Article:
- KML presentations on video: On April 23, the Geophysical Institute and Arctic Region Supercomputing Center hosted a symposium about use of KML by researchers at the University of Alaska Fairbanks (UAF). Now the videos of the presentations are online. UAF’s John E. Bailey writes:
We now have some videos online from our “KML in the North” event:
You might especially like Michael Weiss-Malik’s talk on “Why KML matters”. Also, the Kate Riffey and Zach Meyers presentations were from two of the students in my Google Earth class this past semester. They were presenting their class KML-based projects…. previous to the class they had no knowledge of KML.
- Google Earth lit crit: I had read the start of a review of Joseph O’Neill’s new book ‘Netherland’ in the International Herald Tribune a few days ago, but stopped when the reviewer was less than laudatory. (Life is short). Luckily Brian Timoney persevered, and mailed me to point out this passage in the review:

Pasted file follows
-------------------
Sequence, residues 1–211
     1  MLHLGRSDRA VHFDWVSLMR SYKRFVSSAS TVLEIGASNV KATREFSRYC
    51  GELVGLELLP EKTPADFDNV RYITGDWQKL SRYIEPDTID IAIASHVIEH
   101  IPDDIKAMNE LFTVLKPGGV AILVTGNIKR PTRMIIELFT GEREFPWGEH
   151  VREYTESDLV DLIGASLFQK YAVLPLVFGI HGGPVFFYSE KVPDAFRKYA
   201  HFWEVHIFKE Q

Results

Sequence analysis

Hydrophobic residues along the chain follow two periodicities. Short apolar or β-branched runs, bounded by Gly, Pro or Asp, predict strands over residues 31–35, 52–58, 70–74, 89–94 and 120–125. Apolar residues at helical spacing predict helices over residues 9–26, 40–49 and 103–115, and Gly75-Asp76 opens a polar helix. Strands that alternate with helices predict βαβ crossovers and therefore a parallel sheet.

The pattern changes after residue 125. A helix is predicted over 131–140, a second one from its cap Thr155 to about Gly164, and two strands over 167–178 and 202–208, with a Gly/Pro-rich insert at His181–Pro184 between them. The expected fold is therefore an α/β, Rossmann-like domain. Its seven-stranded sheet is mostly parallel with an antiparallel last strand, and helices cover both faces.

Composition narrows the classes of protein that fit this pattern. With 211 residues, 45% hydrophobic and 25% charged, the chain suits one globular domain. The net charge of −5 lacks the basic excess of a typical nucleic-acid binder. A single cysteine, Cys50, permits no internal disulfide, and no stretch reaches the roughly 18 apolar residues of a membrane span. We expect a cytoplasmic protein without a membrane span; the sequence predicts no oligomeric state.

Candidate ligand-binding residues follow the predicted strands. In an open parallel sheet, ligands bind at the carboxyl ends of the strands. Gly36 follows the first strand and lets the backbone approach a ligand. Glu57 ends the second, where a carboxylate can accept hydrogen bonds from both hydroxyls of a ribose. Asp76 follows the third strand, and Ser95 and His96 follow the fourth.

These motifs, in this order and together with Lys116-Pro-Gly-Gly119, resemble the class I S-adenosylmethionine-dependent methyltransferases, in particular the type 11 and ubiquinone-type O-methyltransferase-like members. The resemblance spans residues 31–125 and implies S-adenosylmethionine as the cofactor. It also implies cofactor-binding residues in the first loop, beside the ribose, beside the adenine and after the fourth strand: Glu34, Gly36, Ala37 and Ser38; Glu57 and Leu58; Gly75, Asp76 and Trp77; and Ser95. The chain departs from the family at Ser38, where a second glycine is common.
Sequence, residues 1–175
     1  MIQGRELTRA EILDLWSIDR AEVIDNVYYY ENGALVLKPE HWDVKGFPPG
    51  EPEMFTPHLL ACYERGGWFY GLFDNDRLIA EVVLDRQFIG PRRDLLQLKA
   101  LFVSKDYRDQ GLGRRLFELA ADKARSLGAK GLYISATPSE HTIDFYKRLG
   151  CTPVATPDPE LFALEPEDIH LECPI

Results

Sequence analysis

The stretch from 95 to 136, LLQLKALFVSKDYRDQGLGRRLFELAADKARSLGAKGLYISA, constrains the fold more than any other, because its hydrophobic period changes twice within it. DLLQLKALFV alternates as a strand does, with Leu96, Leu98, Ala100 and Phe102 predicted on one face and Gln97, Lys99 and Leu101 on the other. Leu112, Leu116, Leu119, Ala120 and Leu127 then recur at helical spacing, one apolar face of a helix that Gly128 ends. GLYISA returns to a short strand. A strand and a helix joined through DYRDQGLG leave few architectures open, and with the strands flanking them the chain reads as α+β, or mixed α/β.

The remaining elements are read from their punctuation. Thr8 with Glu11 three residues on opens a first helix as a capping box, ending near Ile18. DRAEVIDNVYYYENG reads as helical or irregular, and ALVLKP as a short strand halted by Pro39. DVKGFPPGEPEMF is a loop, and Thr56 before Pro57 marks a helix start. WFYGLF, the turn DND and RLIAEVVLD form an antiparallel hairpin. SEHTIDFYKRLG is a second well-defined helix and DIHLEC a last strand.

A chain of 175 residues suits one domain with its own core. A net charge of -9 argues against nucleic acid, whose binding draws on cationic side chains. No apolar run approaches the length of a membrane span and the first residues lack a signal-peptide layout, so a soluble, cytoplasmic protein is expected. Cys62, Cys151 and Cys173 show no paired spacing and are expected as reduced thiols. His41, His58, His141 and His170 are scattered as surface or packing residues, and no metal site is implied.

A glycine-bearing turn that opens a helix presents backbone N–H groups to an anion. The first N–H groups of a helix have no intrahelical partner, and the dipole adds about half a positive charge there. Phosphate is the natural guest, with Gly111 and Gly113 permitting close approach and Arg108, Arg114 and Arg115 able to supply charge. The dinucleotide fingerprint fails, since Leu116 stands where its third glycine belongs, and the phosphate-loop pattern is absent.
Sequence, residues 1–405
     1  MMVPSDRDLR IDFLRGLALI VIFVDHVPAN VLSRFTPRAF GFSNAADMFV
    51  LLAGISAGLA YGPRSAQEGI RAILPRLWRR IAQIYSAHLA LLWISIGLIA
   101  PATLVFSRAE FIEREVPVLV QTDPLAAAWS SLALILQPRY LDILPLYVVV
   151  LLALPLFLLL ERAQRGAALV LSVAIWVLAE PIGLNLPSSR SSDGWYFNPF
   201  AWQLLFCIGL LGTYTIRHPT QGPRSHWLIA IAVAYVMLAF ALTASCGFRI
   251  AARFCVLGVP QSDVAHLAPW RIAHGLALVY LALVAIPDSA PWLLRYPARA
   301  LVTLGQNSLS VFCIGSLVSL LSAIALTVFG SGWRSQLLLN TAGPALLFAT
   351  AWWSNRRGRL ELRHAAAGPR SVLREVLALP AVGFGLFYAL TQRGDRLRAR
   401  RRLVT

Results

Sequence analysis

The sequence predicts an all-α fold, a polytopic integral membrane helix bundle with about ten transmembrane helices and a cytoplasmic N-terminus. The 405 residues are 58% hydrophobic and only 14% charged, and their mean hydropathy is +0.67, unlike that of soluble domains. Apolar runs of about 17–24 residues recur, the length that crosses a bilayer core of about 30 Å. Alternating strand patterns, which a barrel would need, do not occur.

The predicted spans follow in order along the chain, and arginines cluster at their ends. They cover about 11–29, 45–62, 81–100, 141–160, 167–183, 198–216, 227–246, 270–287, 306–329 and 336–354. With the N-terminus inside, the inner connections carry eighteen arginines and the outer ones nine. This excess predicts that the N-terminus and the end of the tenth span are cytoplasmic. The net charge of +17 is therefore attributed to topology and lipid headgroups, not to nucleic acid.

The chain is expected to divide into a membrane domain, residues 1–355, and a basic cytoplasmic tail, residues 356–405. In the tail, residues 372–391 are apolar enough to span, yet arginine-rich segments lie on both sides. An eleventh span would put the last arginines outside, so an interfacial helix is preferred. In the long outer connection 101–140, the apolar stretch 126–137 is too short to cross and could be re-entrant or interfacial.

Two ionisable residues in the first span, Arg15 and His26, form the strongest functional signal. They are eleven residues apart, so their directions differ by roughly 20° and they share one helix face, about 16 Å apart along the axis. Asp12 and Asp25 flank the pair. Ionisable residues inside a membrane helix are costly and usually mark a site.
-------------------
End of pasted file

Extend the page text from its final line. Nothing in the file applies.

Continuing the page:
O’Neill knows how to deploy the quotidian fripperies of our laptop culture to devastating fictional effect. There’s a moment in “Netherland” involving a father, the son who has been taken from him, and Google Earth that’s among the most moving set pieces I’ve read in a recent novel. The father hovers over his son’s house nightly, “flying on Google’s satellite function,” lingering over his child’s dormer window and blue inflated swimming pool, searching the “depthless” pixels for anything, from thousands of miles away, he can cling to. O’Neill’s novel is full of moments like this: closely observed, emotionally racking, un-self-consciously in touch with how we live now.
More proof if you need it that Google Earth has firmly ensconced itself in the mainstream mindset as a revelatory technology:-) Luckily, a review in the New York Times does rave about ‘Netherland’, which is good, as now I am looking for an excuse to read it.